Creation of unregulated drug markets: The CDPC is concerned that access to drugs of unknown toxicity should be eliminated for persons under 19. Unfortunately, drug policies that prohibit some substances actually eliminate age restrictions by abandoning controls to an unregulated market. In addition, when we prohibit rather than regulate substances, it becomes impossible to control the purity and strength of drugs. Illegally produced and supplied drugs are of unknown strength and purity, increasing the risk of overdose, poisoning and infection. Substance displacement: As the United Nations Office on Drugs and Crime reports, if the use of one drug is controlled, by reducing supply, suppliers and users may move on to another drug with similar psychoactive effects, but less stringent controls.9 In addition, studies of the effects of banning mephedrone (another cathinone analogue) in the U.K. suggest that people who used this drug before the ban either continued their use, or switched back to prohibited substances like ecstasy and cocaine, both of which are unregulated.10 This research suggests that prohibiting MDPV may not have the intended effect of reducing substance use. Rather it may displace drug use to either new substances or older illegal substances of unknown purity or dose. The scientific reviews on the effects of the ban on mephedrone in the U.K., suggest that prohibition of this substance precipitated a return to higher levels of cocaine use with an increase in deaths related to this drug.11 Research also suggests that the ban on mephedrone displaced provision of this substance from Internet and “head shop” supplies to street-level drug dealers, thus involving more people in this illegal activity.12 Market displacement: In addition, studies suggest that geographically specific enforcement practices tend to displace drug markets to other locations rather than eliminate them.13 These findings raise serious concerns about the capacity of law enforcement strategies to eliminate drug supply. Medical applications: MDPV may also have potential medical uses and benefits, but prohibition discourages and curtails scientific research into potential beneficial applications of controlled substances.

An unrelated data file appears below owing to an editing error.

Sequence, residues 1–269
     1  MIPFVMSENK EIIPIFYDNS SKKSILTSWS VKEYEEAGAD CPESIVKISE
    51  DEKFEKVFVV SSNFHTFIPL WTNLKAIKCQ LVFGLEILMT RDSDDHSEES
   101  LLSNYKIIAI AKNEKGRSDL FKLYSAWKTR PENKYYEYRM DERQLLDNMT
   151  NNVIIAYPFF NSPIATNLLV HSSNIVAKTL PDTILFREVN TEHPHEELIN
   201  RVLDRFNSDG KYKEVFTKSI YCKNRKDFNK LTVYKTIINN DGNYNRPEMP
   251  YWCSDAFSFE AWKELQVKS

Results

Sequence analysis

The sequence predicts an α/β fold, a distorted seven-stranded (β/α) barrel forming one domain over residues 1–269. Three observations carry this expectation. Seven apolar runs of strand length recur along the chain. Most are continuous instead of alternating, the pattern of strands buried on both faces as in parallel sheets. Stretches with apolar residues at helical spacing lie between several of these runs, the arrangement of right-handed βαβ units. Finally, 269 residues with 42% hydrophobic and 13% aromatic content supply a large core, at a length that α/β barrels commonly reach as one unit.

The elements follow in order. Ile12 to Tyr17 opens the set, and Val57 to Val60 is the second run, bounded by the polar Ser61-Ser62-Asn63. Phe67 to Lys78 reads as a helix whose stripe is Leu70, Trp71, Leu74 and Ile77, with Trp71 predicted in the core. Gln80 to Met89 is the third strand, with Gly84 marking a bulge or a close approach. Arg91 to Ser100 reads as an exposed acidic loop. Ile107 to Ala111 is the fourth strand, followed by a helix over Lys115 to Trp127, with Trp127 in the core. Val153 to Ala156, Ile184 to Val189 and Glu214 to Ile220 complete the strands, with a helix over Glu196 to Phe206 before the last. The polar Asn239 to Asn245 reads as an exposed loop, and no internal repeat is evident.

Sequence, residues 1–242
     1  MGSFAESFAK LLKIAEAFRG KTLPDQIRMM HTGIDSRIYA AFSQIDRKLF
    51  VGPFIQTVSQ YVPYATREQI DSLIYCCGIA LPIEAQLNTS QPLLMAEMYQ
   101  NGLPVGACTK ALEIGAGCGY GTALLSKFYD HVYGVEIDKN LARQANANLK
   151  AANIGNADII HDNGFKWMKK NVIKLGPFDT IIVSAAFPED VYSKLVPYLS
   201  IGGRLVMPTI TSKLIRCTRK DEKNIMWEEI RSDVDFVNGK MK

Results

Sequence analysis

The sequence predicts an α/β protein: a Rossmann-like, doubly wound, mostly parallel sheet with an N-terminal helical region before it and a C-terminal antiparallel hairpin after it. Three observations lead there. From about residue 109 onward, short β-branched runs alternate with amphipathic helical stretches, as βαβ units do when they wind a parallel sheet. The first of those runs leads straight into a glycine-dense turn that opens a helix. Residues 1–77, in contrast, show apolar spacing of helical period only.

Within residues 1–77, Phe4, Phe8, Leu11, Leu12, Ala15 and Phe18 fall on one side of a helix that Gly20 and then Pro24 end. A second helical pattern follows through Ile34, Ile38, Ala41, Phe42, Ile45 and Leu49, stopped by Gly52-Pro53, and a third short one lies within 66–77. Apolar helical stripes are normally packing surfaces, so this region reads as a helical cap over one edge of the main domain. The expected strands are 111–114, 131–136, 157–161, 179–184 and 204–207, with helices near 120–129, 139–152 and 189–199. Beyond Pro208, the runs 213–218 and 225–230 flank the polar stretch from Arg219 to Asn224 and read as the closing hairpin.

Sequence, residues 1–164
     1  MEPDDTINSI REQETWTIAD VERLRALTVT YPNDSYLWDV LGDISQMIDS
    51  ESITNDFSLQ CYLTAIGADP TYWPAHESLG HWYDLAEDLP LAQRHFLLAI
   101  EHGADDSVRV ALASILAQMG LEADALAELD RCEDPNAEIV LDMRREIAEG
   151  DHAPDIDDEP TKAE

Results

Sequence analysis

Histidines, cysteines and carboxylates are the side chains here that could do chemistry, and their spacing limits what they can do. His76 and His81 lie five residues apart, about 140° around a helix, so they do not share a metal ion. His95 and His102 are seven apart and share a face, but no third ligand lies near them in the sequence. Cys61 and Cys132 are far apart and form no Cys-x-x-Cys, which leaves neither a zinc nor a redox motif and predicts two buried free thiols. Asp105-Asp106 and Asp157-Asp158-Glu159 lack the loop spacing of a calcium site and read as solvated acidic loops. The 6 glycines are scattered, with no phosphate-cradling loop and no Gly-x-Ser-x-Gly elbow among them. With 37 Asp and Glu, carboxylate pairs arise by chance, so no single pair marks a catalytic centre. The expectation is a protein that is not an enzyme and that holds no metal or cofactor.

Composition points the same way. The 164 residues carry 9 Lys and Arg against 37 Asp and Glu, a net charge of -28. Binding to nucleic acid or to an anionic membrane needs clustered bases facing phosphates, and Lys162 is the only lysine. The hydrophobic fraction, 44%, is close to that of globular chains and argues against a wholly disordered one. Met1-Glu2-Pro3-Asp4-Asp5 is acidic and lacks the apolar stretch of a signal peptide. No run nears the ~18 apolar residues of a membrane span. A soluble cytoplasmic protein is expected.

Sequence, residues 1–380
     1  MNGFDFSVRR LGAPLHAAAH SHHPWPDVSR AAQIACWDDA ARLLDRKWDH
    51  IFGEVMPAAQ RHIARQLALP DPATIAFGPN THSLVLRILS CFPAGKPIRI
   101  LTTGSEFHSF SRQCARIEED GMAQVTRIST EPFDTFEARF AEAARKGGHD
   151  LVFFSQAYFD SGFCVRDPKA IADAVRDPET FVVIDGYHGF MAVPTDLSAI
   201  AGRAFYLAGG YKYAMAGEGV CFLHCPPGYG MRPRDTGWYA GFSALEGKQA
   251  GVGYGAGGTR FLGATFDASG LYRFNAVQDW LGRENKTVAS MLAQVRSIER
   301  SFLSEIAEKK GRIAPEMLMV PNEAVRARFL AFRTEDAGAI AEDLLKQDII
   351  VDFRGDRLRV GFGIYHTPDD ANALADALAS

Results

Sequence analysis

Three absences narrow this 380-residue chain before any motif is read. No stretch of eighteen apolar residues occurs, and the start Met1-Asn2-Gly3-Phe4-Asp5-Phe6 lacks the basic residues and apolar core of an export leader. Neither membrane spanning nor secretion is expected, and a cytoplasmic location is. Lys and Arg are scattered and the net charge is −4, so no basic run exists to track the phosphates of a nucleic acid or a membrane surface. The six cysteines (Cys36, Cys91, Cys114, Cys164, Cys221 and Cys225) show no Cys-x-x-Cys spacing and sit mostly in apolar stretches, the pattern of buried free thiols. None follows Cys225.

Other Options and Recommendations